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|R E V I E W B Y R I C H C L I N E||
dir Niki Caro|
scr Michael Seitzman
with Charlize Theron, Frances McDormand, Richard Jenkins, Sissy Spacek, Woody Harrelson, Sean Bean, Michelle Monaghan, Thomas Curtis, Jeremy Renner, Chris Mulkey, Corey Stoll, Rusty Schwimmer
release US 21.Oct.05, UK 3.Feb.06
05/US Warners 2h06
Cheering the underdog: McDormand, Theron, Curtis and Harrelson
Elegantly filmed and intelligently written, this important story is told in a no-frills way that makes the most of its terrific cast and the historical events, but never lets it really blossom as a movie.
After she finally gets fed up with her violent husband, Josey (Theron) packs up her young son (Curtis) and heads home to northern Minnesota, where her parents (Jenkins and Spacek) still struggle to cope with her black-sheep reputation. Josey goes to work with friends (McDormand and Monaghan) at the local iron mine, and soon finds it impossible to cope with an atmosphere in which the men routinely humiliate women for invading "their" world. After meeting a lawyer (Harrelson), Josey decides to take them on.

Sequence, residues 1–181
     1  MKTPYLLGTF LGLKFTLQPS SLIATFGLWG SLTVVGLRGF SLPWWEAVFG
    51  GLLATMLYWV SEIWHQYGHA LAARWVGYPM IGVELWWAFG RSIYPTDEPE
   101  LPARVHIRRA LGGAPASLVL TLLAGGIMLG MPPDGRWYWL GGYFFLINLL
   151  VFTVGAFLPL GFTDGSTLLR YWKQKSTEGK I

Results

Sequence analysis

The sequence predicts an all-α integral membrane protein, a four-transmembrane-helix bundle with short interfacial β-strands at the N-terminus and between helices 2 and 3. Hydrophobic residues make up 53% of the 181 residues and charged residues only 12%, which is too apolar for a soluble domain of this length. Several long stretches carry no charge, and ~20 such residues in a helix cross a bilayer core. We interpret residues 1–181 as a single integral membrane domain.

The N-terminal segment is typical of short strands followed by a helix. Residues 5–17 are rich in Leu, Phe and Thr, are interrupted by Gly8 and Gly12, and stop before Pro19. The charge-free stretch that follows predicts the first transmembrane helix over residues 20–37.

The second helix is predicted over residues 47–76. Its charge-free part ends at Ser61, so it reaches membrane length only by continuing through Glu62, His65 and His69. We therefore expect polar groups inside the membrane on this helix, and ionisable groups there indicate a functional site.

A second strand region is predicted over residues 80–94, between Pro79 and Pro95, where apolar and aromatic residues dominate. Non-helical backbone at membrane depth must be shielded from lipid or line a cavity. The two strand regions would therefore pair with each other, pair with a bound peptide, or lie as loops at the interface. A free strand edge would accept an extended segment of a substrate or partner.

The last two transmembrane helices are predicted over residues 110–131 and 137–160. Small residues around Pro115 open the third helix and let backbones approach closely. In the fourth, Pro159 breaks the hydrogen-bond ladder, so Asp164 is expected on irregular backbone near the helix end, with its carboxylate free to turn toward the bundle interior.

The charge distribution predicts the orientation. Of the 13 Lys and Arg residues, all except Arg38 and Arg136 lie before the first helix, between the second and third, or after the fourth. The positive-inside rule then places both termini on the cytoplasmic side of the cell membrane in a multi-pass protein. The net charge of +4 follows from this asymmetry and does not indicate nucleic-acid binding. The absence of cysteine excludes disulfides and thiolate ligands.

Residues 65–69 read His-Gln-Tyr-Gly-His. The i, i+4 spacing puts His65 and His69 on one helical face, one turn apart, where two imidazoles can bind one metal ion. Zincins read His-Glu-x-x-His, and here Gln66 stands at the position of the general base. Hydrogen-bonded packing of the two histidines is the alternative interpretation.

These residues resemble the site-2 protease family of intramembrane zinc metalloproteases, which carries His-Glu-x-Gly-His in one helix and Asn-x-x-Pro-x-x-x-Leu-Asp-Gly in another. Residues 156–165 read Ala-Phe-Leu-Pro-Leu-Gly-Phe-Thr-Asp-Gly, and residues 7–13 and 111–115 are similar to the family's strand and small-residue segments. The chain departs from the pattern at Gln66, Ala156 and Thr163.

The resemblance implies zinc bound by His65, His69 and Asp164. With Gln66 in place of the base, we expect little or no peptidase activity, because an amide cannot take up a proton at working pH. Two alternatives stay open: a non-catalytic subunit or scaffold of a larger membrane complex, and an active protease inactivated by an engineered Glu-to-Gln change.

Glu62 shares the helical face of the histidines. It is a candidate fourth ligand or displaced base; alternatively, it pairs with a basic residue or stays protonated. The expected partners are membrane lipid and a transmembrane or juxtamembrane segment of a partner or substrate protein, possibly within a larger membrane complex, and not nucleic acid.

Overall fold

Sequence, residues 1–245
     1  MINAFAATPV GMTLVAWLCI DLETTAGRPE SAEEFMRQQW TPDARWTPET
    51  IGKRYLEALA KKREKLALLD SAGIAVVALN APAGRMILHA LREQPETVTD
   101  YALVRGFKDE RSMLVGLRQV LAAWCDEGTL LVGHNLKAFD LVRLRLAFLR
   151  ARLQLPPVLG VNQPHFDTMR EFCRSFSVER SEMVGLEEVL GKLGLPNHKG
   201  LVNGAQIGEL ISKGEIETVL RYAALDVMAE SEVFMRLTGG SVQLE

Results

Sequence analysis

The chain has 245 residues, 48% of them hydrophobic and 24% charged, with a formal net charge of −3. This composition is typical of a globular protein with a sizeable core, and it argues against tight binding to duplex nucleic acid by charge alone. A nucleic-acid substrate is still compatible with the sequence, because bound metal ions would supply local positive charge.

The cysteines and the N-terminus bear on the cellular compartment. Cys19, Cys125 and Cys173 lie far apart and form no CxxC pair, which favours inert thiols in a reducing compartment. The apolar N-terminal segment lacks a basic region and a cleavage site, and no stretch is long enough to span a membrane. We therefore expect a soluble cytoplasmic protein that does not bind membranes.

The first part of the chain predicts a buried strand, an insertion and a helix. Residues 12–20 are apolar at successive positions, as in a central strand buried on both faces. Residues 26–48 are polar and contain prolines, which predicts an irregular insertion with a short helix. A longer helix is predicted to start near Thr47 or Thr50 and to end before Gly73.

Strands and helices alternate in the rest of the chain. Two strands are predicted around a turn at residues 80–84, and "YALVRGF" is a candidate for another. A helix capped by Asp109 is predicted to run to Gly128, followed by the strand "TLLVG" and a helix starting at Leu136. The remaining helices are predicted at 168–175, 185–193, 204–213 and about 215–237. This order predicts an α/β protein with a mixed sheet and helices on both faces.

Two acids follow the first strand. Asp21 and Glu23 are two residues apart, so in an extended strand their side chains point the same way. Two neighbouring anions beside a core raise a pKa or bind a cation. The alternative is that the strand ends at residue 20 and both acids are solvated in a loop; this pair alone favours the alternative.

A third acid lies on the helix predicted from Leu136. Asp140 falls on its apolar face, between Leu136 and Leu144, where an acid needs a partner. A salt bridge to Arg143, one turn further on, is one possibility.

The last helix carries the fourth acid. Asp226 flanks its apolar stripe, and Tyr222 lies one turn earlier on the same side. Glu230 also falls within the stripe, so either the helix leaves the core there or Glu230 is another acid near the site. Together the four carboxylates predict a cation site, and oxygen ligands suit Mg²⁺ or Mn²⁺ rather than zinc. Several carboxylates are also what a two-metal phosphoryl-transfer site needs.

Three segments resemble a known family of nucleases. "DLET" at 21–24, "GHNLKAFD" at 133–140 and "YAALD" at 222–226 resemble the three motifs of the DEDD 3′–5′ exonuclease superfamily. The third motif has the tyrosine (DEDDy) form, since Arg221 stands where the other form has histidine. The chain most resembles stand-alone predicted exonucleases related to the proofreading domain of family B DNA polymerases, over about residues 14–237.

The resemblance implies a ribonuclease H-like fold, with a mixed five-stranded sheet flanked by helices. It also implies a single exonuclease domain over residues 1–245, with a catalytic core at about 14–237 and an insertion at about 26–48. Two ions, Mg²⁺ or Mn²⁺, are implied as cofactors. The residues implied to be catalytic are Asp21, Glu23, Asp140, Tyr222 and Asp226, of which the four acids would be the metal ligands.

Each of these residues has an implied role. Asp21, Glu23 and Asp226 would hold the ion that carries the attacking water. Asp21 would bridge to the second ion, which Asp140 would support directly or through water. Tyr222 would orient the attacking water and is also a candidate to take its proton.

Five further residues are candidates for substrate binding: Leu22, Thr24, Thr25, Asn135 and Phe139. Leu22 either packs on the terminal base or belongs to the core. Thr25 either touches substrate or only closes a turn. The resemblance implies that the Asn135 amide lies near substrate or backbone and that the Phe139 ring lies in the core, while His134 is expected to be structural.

Based on the true story of the first sexual harassment class-action lawsuit, this is a pivotal moment in history. What's most shocking is that this kind of thing was still going on in 1989 (and probably continues in more places than we'd care to admit). That men thought they could get away with treating anyone this way, let alone their own wives and daughters, is astonishing. And as Josey courageously stands up to the system, the film beautifully highlights a simple struggle for justice that has universal ramifications.
Theron is, of course, superb--steely and yet vulnerable, with especially powerful scenes between her and Curtis. Both Jenkins and Spacek add human resonance with their flawed but truthful reactions to their daughter. And McDormand shines in a role that seems almost crafted to get an Oscar nomination, with the excellent Bean in an understated but rock-solid role as her husband.
Director Caro (Whale Rider) beautifully captures the chilly setting, keeping the pace slow and steady, which at times feels rather too straightforward, plodding and aloof. But the clever script casually comments on the machismo that subtly infects all of society, from background glimpses of the Anita Hill hearings to dialog and situations that refuse to state the obvious. It feels slightly incomplete, concentrating on the legal precedent without delving into the fallout. But this is a vital story that's told with integrity and skill.
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© 2005 by Rich Cline, Shadows on the Wall
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